One wonders how the group, or anyway its leaders, could have
lost their heads so starkly as they did before the invasion.
Originally, the Nizam apparently felt that the British with-
drawal from India, coupled with partition, would lead to chaos;
and that out of the confusion he, with an army, wealth and
prestige, stood a fair chance of emerging as a major power in a
Balkanized India. The hope was not at first absurd, but should
have faded within six months. After this, he made, as to power
dynamics, a series of astonishing miscalculations, both interna-
tionally and in home affairs; until he allowed a vicious group of
men within the state to acquire power to a point where he could
no longer control them. He emerges as a clever man utterly desti-
tute of wisdom. The Razakar leaders were ruthless fanatics and
criminals who played for sordid stakes and lost. The mass of
Muslims was poor and ignorant, leading lives in which there
was little of significance except their religion and its social
solidarity. They are traditionally gullible, ardent but easily
misled. Several hundred thousand, however, had nothing to do
with the Nizam or the Razakars; but the innocent, too, suffer
for the mistakes of their community's leaders. The most signifi-
cant blundering was that of the middle classes, the one group
who might have saved the situation but failed utterly in both
understanding and judgment.
Brought up in an isolated, anachronistic society, with a point
of view that throughout much of the world would have seemed
normal only a few centuries back, the Muslims of Hyderabad
sincerely believed that their group's portion was to rule, the
Hindus' portion to learn to be content. The Muslims reposed,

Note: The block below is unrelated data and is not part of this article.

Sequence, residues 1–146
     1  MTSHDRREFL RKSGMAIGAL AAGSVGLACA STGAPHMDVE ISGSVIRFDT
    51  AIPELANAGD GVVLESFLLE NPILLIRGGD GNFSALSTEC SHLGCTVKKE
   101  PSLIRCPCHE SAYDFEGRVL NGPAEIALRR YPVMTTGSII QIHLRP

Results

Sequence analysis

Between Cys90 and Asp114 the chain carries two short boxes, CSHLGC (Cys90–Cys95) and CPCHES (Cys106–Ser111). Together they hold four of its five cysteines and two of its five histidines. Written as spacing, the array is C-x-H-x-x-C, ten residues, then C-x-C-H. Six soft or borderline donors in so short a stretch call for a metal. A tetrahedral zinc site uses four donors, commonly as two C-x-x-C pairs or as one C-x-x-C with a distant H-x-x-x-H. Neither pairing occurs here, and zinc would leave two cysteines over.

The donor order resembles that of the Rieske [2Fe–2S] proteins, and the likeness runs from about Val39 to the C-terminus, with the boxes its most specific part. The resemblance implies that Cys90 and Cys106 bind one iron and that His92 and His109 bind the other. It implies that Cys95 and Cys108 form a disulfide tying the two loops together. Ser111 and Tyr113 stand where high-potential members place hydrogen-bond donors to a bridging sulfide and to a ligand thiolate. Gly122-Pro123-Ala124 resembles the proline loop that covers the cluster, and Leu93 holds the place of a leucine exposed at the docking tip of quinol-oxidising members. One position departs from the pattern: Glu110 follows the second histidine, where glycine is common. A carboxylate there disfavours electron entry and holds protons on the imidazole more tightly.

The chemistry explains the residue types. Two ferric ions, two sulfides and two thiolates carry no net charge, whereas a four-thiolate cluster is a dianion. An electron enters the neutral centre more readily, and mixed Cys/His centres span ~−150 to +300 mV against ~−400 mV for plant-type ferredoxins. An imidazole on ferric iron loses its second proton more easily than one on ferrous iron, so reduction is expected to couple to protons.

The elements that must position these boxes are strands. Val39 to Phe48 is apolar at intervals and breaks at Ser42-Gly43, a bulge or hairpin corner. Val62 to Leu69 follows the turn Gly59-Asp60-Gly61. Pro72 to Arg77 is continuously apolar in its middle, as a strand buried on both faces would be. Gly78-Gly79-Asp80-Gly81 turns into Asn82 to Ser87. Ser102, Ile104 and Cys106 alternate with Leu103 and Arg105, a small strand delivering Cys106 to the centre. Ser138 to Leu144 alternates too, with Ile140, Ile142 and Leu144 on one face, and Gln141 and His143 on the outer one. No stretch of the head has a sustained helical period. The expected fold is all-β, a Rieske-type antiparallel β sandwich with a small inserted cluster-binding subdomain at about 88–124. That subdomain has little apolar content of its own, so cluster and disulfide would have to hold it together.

too, a remarkably blind faith in the legal validity of their posi-
tion, and it will be generally conceded that in the dispute with
India, Hyderabad's case was on the whole considerably the

stronger in law. Along with their false sense of traditional and
legalistic security went perhaps the opposite - a subconscious
fear. They were frightened by what, in the explosive weeks fol-
lowing partition, had happened to millions of their coreligion-
ists in northern India; frightened, perhaps, by the awareness of
what would happen to them, once they lost supremacy at home.
Such a dread, growing more intense and irrational, may have
inhibited them from facing facts, as well as driven them to
aggression. Or, more rationally, there were those who felt that
any concession to Hindu India would in any case eventuate in
their doom; and that therefore resistance, at whatever cost, could
not be wrong. Also, there was present that curious confusion
between the moral and material strength of Islam which besets
many Muslims.
However it may have arisen, the Muslims' hybris, the over-
weening pride that led them to extravagant folly, brought them,
as in a Greek drama, to disaster. That their fate was to some
degree deserved, their suffering therefore self-inflicted, is in-
tegral to the tragedy.